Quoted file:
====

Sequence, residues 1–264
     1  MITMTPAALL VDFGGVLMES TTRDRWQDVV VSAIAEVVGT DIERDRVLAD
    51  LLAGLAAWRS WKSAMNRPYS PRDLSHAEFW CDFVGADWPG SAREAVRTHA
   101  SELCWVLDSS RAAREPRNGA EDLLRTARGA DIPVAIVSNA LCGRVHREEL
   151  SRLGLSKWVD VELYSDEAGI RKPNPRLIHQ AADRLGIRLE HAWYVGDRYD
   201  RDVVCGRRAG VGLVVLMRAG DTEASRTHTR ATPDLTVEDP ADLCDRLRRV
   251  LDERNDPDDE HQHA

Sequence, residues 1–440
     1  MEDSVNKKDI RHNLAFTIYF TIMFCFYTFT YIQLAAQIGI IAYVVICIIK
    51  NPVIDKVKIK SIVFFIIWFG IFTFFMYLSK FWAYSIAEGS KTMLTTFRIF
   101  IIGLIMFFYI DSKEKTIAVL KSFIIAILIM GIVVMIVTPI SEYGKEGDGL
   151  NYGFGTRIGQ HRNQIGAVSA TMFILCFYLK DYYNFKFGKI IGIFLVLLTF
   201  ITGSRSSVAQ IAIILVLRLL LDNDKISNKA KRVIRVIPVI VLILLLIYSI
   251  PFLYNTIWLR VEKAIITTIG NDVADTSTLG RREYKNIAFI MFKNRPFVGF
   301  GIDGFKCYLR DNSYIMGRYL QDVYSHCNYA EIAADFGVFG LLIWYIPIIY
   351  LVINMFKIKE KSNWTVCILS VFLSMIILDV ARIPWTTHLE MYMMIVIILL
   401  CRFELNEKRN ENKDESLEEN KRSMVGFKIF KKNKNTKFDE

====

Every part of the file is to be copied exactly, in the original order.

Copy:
Sequence, residues 1–264
     1  MITMTPAALL VDFGGVLMES TTRDRWQDVV VSAIAEVVGT DIERDRVLAD
    51  LLAGLAAWRS WKSAMNRPYS PRDLSHAEFW CDFVGADWPG SAREAVRTHA
   101  SELCWVLDSS RAAREPRNGA EDLLRTARGA DIPVAIVSNA LCGRVHREEL
   151  SRLGLSKWVD VELYSDEAGI RKPNPRLIHQ AADRLGIRLE HAWYVGDRYD
   201  RDVVCGRRAG VGLVVLMRAG DTEASRTHTR ATPDLTVEDP ADLCDRLRRV
   251  LDERNDPDDE HQHA

Sequence, residues 1–440
     1  MEDSVNKKDI RHNLAFTIYF TIMFCFYTFT YIQLAAQIGI IAYVVICIIK
    51  NPVIDKVKIK SIVFFIIWFG IFTFFMYLSK FWAYSIAEGS KTMLTTFRIF
   101  IIGLIMFFYI DSKEKTIAVL KSFIIAILIM GIVVMIVTPI SEYGKEGDGL
   151  NYGFGTRIGQ HRNQIGAVSA TMFILCFYLK DYYNFKFGKI IGIFLVLLTF
   201  ITGSRSSVAQ IAIILVLRLL LDNDKISNKA KRVIRVIPVI VLILLLIYSI
   251  PFLYNTIWLR VEKAIITTIG NDVADTSTLG RREYKNIAFI MFKNRPFVGF
   301  GIDGFKCYLR DNSYIMGRYL QDVYSHCNYA EIAADFGVFG LLIWYIPIIY
   351  LVINMFKIKE KSNWTVCILS VFLSMIILDV ARIPWTTHLE MYMMIVIILL
   401  CRFELNEKRN ENKDESLEEN KRSMVGFKIF KKNKNTKFDE